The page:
Currently, the BACB provides a list of 12 items pertaining to ethics that practitioners ought to be aware of and demonstrate competency within in order to attain certification as a BCBA or BCaBA. As a result, many educational programs offer education and training on the items represented on the BACB Task List without providing an overarching functional process that guides practitioners through clinical ethical decision making once they are in the field. Efficient processes for clinical ethical decision making have a robust history in many other health care fields and offer well-laid out processes for efficiently making effective ethical decisions. An overview of processes for clinical ethical decision making from a variety of health care fields will be outlined and compared to the present literature on clinical ethical decision making in the field of applied behavior analysis. A working model for making ethical decisions within the ABA clinical realm will be offered as well as discussion of how educational programs can better teach such a process as we move into the future of education within the field of applied behavior analysis.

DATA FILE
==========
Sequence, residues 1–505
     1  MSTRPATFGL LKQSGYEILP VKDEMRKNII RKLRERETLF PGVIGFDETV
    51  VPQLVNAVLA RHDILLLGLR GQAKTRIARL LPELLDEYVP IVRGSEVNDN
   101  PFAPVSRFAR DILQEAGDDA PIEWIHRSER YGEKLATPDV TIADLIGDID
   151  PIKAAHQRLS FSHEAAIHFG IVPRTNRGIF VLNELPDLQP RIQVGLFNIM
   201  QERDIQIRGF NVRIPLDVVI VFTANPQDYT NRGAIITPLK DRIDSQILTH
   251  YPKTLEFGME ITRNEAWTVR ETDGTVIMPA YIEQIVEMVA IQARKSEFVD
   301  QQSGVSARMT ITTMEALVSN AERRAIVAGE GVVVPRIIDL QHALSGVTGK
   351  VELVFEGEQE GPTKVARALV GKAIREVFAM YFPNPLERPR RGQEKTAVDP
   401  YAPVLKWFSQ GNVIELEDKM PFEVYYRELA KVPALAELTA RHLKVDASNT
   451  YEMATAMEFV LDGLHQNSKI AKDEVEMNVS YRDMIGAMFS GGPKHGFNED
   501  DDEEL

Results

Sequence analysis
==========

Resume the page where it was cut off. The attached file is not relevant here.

In 1974 Israel Goldiamond published a seminal work on constructional approaches to social problems, outlining a therapeutic process to help individuals achieve their goals. When reviewing his constructional approach, it now appears that Goldiamond was not only a great behavior analyst but also a clairvoyant! His constructional approach is clearly is a forefather of both positive behavior support, designed to facilitate better lives for individuals with an intellectual disability who exhibit challenging behavior, and psychiatric rehabilitation which has been developed to help individuals diagnosed with severe and persistent mental illnesses have better lives. Each of these models, a constructional approach, positive behavior support, and psychiatric rehabilitation, is described and similarities and differences are discussed. For example, all three models have a number of similar strategies, including client developed goals, a focus on achieving those goals rather than removing symptoms/problems, and an emphasis on using clients strengths as a building block for success. One significant difference is that only the constructional approach and positive behavior support consider the function of the problem behavior.